• What other documents will be available? See above.
  • When will data be available (start and end dates)? See above.
  • By what access criteria will data be shared (including with whom, for what types of analyses, and by what mechanism)? To request access to the data, the researcher must sign a data-use agreement, and any shared data are to be used for noncommercial purposes. More information can be found athttp://www.allerganclinicaltrials.com/.

RESULTS

In total, 589 patients were included in both studies (placebo, n=169; ulipristal 5 mg, n=215; ulipristal 10 mg, n=205). Demographic and baseline characteristics were similar across treatment arms (Table 1). In the total population, mean (SD) age was 41.1 (5.5) years, 67.4% of women (n=397) were black or African American, mean (SD) body mass index (calculated as weight in kilograms divided by height in meters squared) was 32.1 (7.9), and mean (SD) menstrual blood loss was 212.1 (155.1) mL. At baseline, mean (SD) Uterine Fibroid Symptom Health-Related Quality of Life questionnaire Revised Activities subscale scores in the placebo, ulipristal 5-mg, and 10-mg groups were 30.7 (25.3), 28.1 (23.8), and 32.0 (26.2), respectively. At baseline, mean (SD) health-related QOL Total scores in the placebo, ulipristal 5-mg, and 10-mg groups were 33.2 (22.0), 32.3 (20.8), and 35.5 (22.6), respectively.

Table 1.
Table 1.:
Baseline Demographic and Clinical Characteristics: Pooled VENUS I and VENUS II

For the pooled analysis, at the end of treatment, significantly greater improvements in Symptom Severity from baseline were observed for both ulipristal doses compared with placebo (Table 2). The least-square mean differences on the Symptom Severity scale score in the ulipristal 5-mg and 10-mg groups compared with placebo (97.5% CI) were −22.8 (−28.0 to −17.6) and −30.2 (−35.5 to −24.9) (both P<.001).

Table 2.
Table 2.:
Secondary and Other Efficacy Endpoints: Baseline, End of Treatment, and Least Square Mean Difference in Change From Baseline in Uterine Fibroid Symptom Health-Related Quality of Life Questionnaire Scale Scores (Pooled VENUS I and VENUS II)

Significantly greater improvements from baseline in Uterine Fibroid Symptom Health-Related Quality of Life questionnaire health-related QOL Total score were observed for both ulipristal doses compared with placebo at end of treatment (Table 2): least-square mean differences in the ulipristal 5-mg and 10-mg groups compared with placebo (97.5% CI) were 29.5 (23.8–35.3) and 37.7 (31.8–43.6) (both P<.001). At end of treatment, significantly greater improvements from baseline in all health-related QOL subscale scores were observed for both ulipristal doses compared with placebo (Table 2). For example, the least-square mean differences in the Activities subscale score in the ulipristal 5-mg and 10-mg groups compared with placebo (97.5% CI) were 32.9 (26.7–39.1) and 41.0 (34.6–47.3) (both P<.001).

Significantly greater improvements from baseline in physical and social activities, as measured by the Revised Activities subscale, were observed for both ulipristal doses compared with placebo at end of treatment (Table 2). The least-square mean differences on the Uterine Fibroid Symptom Health-Related Quality of Life questionnaire Revised Activities subscale score in the ulipristal 5-mg and 10-mg groups compared with placebo (97.5% CI) were 34.0 (27.6–40.4) and 42.2 (35.6–48.7) (both P<.001).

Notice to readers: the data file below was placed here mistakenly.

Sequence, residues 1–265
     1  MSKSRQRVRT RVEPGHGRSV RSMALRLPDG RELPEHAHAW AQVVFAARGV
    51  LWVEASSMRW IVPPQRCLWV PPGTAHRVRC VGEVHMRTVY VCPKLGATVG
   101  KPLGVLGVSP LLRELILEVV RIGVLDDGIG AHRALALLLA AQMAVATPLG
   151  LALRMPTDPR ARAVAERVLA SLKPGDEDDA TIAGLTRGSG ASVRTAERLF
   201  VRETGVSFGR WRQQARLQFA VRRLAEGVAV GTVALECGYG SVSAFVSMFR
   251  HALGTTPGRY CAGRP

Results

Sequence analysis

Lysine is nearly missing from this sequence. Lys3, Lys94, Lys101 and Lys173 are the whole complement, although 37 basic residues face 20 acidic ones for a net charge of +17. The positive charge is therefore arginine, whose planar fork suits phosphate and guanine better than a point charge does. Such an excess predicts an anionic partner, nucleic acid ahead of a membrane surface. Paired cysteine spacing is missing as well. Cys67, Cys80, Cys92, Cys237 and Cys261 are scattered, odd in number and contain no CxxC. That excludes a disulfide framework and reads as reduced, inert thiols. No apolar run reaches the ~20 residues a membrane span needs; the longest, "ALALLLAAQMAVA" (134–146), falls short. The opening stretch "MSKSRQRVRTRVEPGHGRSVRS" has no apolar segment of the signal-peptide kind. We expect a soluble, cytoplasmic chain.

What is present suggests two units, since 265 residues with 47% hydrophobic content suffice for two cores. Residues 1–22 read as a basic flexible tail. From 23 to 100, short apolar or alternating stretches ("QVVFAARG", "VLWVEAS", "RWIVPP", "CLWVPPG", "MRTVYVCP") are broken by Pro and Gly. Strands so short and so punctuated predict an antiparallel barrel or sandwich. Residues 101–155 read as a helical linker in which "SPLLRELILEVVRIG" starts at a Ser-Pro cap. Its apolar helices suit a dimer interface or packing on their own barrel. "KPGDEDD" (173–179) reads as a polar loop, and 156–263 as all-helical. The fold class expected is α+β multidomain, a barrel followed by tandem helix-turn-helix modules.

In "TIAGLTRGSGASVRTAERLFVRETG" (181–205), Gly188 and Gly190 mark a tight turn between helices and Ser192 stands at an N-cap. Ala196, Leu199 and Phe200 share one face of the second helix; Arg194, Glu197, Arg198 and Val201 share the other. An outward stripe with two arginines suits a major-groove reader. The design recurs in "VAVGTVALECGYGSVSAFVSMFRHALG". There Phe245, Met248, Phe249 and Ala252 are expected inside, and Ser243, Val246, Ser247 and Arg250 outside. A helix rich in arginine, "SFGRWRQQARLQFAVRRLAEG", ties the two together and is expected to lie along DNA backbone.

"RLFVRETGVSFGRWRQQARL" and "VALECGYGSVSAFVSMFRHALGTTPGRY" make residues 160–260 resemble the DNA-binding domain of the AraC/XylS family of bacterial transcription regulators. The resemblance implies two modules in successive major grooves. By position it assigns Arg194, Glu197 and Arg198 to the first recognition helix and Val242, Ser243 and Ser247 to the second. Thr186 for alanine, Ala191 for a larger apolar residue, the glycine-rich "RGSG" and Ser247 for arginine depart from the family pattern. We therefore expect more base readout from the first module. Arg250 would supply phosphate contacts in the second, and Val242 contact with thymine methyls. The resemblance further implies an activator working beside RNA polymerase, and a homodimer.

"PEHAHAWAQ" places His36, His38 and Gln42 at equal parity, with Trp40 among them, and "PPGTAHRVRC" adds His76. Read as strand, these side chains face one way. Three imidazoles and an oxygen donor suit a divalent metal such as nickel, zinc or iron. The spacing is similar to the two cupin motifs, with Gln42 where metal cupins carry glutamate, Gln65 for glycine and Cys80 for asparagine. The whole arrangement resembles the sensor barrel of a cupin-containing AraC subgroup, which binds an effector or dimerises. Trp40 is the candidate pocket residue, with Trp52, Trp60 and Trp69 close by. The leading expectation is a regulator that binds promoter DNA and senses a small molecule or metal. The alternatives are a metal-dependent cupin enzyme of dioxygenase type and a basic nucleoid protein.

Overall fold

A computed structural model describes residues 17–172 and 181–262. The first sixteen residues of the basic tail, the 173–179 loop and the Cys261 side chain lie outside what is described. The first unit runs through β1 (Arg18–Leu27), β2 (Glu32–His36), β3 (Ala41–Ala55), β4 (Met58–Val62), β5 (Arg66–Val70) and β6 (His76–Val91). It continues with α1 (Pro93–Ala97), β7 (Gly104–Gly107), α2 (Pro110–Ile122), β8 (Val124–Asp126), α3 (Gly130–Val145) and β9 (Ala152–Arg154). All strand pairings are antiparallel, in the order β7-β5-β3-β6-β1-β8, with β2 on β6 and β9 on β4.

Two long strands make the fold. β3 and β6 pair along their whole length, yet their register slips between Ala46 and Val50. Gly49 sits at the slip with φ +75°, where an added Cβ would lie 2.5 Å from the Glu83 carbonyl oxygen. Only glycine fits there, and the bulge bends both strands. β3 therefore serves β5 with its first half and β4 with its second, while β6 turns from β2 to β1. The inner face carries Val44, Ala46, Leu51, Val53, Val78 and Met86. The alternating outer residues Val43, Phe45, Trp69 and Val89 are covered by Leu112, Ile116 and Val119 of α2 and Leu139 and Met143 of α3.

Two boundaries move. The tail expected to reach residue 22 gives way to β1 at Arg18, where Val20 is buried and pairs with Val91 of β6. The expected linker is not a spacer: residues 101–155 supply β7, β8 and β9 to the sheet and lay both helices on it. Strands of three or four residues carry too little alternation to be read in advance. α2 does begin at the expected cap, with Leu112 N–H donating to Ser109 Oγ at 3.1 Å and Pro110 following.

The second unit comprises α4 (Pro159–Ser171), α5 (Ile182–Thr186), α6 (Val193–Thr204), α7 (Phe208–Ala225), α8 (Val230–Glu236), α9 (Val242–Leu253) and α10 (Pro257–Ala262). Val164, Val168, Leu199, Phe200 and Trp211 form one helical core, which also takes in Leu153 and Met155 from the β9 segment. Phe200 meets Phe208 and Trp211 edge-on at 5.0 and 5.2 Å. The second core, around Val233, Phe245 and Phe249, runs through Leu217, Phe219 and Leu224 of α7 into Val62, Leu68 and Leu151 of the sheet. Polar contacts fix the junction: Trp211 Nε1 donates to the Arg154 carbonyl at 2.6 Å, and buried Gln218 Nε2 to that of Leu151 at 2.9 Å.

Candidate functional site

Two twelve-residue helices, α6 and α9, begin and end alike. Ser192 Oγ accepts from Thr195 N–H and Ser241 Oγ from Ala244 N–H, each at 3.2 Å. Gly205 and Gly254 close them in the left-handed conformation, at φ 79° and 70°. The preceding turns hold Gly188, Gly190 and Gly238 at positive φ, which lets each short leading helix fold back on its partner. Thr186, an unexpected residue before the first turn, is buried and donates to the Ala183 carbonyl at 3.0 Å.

An improvement for Symptom Severity of 20 or more points was achieved among 35.2% of patients (n=51) in the placebo group, 71.4% (n=140) in the ulipristal 5-mg group (OR 4.7; 97.5% CI 2.7–8.2), and 79.6% (n=140) in the ulipristal 10-mg group (OR 7.8; 97.5% CI 4.3–14.2) (Table 3). A Health-Related QOL Total score improvement of 20 or more points was achieved by 35.9% of patients (n=51) in the placebo group, 77.4% (n=151) in the ulipristal 5-mg group (OR 5.8; 97.5% CI 3.3–10.2), and 86.8% (n=151) in the ulipristal 10-mg group (OR 12.5; 97.5% CI 6.5–24.2) (Table 3). An improvement of 30 or more points for the Revised Activities subscale was achieved by 34.9% of patients (n=51) in the placebo group, 73.5% (n=144) in the ulipristal 5-mg group (OR 5.0; 97.5% CI 2.9–8.6), and 80.6% (n=141) in the ulipristal 10-mg group (OR 7.9; 97.5% CI 4.3–14.6) (Table 3 and Fig. 2). A lack of improvement in the Revised Activities subscale was reported by approximately 25%, 8%, and 5% of patients in the placebo, ulipristal 5-mg, and ulipristal 10-mg groups, respectively (Fig. 2).

Table 3.
Table 3.:
Post Hoc Analysis: Meaningful Improvements in the Uterine Fibroid Symptom Health-Related Quality of Life Questionnaire Symptom Severity (20 or More Points), Health-Related Quality of Life Total (20 or More Points), and Revised Activities (30 or More Points) Scale Scores (Pooled VENUS I and VENUS II)
Fig. 2.
Fig. 2.:
Cumulative distribution function for change from baseline in Uterine Fibroid Symptom and Health-Related Quality of Life questionnaire (UFS-QOL) Revised Activities subscale score at end of treatment (end of treatment in VENUS I and end of treatment course 1 in VENUS II): pooled VENUS I and VENUS II. The vertical line denotes the responder threshold. A responder is defined as a patient who achieved 30 or more points of improvement in change from baseline on the Revised Activities subscale score of the UFS-QOL at end of treatment. UPA, ulipristal acetate.Lukes. Ulipristal for Uterine Leiomyomas: Quality of Life. Obstet Gynecol 2019.